CEE’s automotive wage growth revs up pressure


With the automotive workforce in Central Europe becoming more expensive, Hungary saw a 10% growth in salaries in the first half of the year, compared to the same period in 2016, according to data from international salary survey platform Paylab. The wage growth in the region appears to be increasing pressure on the industry.

Hungary’s growth is the most significant according to the international Paylab salary portal, followed by Croatia (+6%), Slovakia (+5%) and Czech Republic (+4%). Wages grew least in Slovenia and Serbia, with a respective increase of around 1%. 

Czech Republic and Slovakia are the two largest motor vehicle producers in the region, with an annual output exceeding one million in each country, Paylab notes, while neighboring Poland and Hungary have half of that output.

In terms of wages, salaries in the CEE region are comparable: according to Paylab data the gross average monthly salary in the automotive industry ranges from EUR 656 in Serbia, to EUR 1,013 in Croatia, EUR 1,209 in Hungary, EUR 1,218 in Slovakia, EUR 1,293 in Czech Republic, and EUR 1,545 in Slovenia.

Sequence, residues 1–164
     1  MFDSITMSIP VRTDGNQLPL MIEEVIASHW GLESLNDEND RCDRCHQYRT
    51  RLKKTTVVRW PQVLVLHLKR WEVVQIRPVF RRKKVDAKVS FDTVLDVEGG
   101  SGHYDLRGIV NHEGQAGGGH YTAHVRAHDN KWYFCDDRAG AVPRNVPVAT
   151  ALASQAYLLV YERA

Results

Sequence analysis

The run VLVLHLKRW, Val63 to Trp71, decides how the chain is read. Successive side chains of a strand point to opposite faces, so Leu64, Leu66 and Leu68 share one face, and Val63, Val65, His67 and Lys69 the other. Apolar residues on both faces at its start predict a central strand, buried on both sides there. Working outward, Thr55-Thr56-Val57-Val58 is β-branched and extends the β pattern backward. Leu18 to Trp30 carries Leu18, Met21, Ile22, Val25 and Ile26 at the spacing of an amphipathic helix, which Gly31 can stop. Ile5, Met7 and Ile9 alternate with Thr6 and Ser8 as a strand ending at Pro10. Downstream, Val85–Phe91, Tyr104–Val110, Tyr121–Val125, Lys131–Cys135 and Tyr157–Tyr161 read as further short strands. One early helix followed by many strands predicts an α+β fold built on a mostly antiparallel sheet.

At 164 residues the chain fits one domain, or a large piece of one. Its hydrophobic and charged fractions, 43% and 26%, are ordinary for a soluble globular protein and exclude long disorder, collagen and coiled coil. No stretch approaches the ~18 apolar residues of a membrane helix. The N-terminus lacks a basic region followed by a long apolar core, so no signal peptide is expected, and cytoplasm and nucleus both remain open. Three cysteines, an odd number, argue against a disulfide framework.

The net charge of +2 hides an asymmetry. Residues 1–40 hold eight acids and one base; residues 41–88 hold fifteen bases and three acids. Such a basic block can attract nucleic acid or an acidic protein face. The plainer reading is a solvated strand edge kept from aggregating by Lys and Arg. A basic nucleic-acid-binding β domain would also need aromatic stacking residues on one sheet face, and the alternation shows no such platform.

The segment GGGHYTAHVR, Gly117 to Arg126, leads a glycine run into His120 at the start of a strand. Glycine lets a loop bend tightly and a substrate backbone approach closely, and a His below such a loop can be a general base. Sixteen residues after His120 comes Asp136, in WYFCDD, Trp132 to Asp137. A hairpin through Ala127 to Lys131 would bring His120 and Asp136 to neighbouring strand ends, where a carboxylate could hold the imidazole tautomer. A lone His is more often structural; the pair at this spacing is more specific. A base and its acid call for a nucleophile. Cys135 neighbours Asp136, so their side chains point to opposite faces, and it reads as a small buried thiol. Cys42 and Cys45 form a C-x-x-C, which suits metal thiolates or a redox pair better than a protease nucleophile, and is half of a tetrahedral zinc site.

Central Europe, which has recently become an engine of the automotive industry, offers a cheaper workforce, and therefore pressure on wage growth is becoming evident, Paylab says, as countries individually rely highly on the sector.

“Standards of living are growing, unemployment rates are decreasing every year, and the countries are slowly catching up with [more] developed EU countries. Nevertheless, skilled workers in the region are still significantly cheaper than similarly qualified personnel in Western Europe,” the Paylab press statement says.

“However, automotive employers are beginning to feel the lack of qualified personnel in the labor market, and employees at some production facilities are beginning to demand wage increases at the individual and trade union level,” it adds.

Automotive industry associations from Slovakia, Czech Republic, Hungary and Poland strive to cooperate in order to retain regional competitiveness for the automotive industry, Paylab notes. Such associations have called on governments to reform education systems by focusing more on maths and science to better prepare workers for the automotive industry’s future needs. Until then, greater support for the mobility of domestic and international workers could cover the shortfall in the labor market, these association say, according to Paylab.


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